Standards Watch | IHE Radiology Integration Profiles: What To Ask For

Herman Oosterwijk, OTech

The Integrating the Healthcare Enterprise (IHE) activity seems to be at the same stage as DICOM was several years ago: Most people knew at that time to ask for DICOM compatibility when purchasing a new device. However, they did not know enough about DICOM to recognize that a DICOM print command would not get your images from a modality to the PACS; that support of the DICOM image quality standard was the only guarantee to make sure images on the CR workstation would match the look of the images on the printer and PACS workstation; and that modality worklist support was a requirement to guarantee image information integrity. So, through consistent education and promotion during meetings such as RSNA, many people now know to ask for IHE support. However, the problems with IHE compliance are similar to those with DICOM in its early stages — there are 14 different profiles available in the 2005 specification alone for radiology, and another six are available as drafts. As a user, there is, first, the challenge to understand all the profiles and, second, how to prioritize among them.

In this article, let’s go through the first set of profiles and explain their functionality

1. Workflow profiles

These profiles are generic, that is, they apply to the basic workflow to conduct an exam, perform postprocessing, create the reporting, and bill for the procedure.

1.1. The Scheduled Workflow (SWF) integration profile establishes a seamless flow of information that supports a patient care workflow for a typical imaging procedure. It specifies transactions that maintain the consistency of both the requisition and patient information from registration through ordering, scheduling, imaging acquisition, storage, and viewing. Systems involved in this profile are:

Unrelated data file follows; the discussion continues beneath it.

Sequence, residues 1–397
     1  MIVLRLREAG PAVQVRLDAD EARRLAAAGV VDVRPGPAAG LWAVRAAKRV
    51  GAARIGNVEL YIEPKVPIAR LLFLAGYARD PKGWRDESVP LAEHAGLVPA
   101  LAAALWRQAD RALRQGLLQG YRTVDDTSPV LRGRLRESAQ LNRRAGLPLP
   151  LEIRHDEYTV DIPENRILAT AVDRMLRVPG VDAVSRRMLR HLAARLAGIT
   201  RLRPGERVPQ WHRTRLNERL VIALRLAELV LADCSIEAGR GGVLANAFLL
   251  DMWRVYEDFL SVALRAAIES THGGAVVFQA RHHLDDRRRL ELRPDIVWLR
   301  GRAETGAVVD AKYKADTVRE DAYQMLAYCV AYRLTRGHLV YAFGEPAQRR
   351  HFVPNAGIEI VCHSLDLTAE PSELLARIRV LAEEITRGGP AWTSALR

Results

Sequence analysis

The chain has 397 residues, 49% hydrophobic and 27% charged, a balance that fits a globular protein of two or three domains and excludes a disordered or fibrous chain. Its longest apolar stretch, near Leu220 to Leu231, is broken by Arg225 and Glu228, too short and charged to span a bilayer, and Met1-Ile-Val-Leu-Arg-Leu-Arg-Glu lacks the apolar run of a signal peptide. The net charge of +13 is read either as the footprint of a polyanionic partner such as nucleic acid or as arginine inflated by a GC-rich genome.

• Enterprisewide information systems that manage patient registration and services ordering. This is typically the HIS but also could be taken care of by the RIS
  • Radiology department information systems that manage department scheduling, such as a RIS
  • Acquisition modalities
  • Image management and archiving, such as a PACS

This profile is unquestionably the most important one. It also serves as the basis for other specialties such as cardiology, eye care, and others still to be defined. It includes HL7 as well as DICOM transactions between the HIS/RIS modalities and PACS. Supporting this profile has also a major impact on the workflow because of features such as procedure updates and completed status from the modality back to the RIS and PACS, supporting Storage Commitment to transfer responsibility, etc.

1.2. The Postprocessing Workflow (PWF) integration profile addresses the need to schedule and track the status of the steps of the typical postprocessing workflow, such as CAD or image processing. Worklists for each of these tasks are generated and can be queried, work items can be selected, and task status returned from the system performing the work to the system managing the work.

This profile uses the DICOM General Purpose Worklist, a feature that does not have widespread support. Storage Commitment support from a workstation to the PACS does make sense, though. Unless the DICOM workstation worklist get wider support, this profile should not be a high priority.

1.3. The Reporting Workflow (RWF) integration profile addresses the need to schedule and track the status of the steps of the typical report workflow. Worklists are generated and can be queried, work items can be selected, and the resulting status returned from the system performing the work to the system managing the work.

This profile is very similar to the postprocessing integration profile and also uses the DICOM general-purpose worklist, a feature that does not have widespread support. Also note that the reports are assumed to be in DICOM format, which is not often the case.

1.4. The Charge Posting (CHG) integration profile specifies the exchange of information related to charges among departmental systems, enterprisewide information systems, and billing systems. Departmental systems provide billing with precise information about procedures performed, while enterprisewide information systems provide information about patient demographics, accounts, insurance, and guarantors. The exchange provides all of the procedure data required to generate a claim, resulting in more complete, timely, and accurate billing.